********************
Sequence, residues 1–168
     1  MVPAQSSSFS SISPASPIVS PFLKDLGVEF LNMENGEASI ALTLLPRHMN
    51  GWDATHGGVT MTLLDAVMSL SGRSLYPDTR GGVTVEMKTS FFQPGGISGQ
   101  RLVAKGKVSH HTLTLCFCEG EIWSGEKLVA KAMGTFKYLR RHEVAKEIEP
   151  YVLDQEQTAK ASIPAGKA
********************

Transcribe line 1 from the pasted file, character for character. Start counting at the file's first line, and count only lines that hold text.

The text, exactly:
Sequence, residues 1–168